ALLPORT, SAMUEL (1816-1897), English petrologist, brother of the above, was born in Birmingham on the 23rd of January 1816, and educated in that city. Although occupied in business during the greater portion of his life, his leisure was given to geological studies, and when residing for a short period in Bahia, S. America, he made observations on the geology, published by the Geological Society in 1860. His chief work was in microscopic petrology, to the studyol which he was attracted by the investigations of Dr H. C. Sorby; and he became one of the pioneers of this branch of geology, preparing his own rock-sections with remarkable skill. The basalts of S. Staffordshire, the diorites of Warwickshire, the phonolite of the Wolf Rock (to which he first directed attention), the pitchstones of Arran and the altered igneous rocks near the Land's End were investigated and described by him during the years 1869-1879 in the Quarterly Journal of the Geological Society and in the Geological Magazine. In 1880 he was appointed librarian in Mason College, a post which he relinquished on account of ill-health in 1887. In that year the Lyell medal was awarded to him by the Geological Society. A few years later he retired to Cheltenham, where he died on the 7th of July 1897.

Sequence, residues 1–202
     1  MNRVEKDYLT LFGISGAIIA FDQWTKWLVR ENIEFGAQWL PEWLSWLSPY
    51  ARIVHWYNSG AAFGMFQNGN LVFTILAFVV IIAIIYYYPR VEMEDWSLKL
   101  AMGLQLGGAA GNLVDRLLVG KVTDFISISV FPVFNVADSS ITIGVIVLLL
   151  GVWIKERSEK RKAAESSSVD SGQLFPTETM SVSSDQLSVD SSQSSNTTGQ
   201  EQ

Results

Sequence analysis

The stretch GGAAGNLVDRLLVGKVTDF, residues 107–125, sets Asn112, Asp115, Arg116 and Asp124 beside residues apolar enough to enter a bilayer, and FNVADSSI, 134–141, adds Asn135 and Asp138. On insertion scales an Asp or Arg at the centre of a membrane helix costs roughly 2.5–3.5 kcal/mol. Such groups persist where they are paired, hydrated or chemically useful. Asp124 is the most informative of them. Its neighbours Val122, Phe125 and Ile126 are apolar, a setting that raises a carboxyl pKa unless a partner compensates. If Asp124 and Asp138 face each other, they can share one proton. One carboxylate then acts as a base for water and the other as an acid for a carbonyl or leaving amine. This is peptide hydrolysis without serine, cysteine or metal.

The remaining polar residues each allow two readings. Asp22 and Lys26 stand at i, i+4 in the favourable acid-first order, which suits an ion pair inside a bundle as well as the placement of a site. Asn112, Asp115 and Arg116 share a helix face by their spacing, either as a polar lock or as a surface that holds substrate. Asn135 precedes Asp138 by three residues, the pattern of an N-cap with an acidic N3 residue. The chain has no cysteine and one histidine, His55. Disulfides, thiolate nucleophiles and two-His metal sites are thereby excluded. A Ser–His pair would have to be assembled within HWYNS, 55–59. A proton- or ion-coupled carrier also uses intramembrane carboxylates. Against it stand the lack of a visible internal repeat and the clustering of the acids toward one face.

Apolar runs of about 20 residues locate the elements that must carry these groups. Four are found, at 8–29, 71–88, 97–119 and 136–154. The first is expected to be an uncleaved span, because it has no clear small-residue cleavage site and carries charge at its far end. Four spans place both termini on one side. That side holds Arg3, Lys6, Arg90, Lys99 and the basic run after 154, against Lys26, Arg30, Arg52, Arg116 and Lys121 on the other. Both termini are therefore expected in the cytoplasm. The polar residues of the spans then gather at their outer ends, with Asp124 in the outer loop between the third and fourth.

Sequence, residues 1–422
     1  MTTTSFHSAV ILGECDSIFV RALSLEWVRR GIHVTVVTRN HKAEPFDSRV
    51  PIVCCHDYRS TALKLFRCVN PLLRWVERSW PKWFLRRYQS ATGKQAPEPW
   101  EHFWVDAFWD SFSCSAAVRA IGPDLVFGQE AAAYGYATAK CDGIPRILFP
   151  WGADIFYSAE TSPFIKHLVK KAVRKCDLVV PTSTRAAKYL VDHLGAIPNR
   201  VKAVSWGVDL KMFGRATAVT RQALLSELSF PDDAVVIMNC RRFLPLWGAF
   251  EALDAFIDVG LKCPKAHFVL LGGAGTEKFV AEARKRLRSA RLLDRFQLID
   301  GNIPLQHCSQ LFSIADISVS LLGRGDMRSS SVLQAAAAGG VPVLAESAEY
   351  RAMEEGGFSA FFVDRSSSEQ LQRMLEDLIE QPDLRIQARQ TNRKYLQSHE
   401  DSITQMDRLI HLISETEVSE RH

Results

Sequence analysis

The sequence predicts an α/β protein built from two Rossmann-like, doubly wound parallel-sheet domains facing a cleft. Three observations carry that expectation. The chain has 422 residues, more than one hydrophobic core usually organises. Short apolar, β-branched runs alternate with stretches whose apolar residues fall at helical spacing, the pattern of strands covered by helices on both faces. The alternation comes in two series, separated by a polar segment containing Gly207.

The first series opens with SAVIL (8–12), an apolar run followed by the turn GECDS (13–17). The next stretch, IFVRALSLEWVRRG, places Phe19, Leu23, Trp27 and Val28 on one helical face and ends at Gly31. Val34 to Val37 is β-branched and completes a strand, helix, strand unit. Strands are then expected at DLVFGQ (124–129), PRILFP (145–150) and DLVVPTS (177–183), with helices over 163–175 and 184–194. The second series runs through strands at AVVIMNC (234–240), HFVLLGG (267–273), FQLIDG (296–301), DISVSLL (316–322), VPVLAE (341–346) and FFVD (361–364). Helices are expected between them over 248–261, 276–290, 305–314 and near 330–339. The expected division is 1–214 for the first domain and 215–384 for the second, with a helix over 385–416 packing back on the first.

Note - this article incorporates content from Encyclopaedia Britannica, Eleventh Edition, (1910-1911)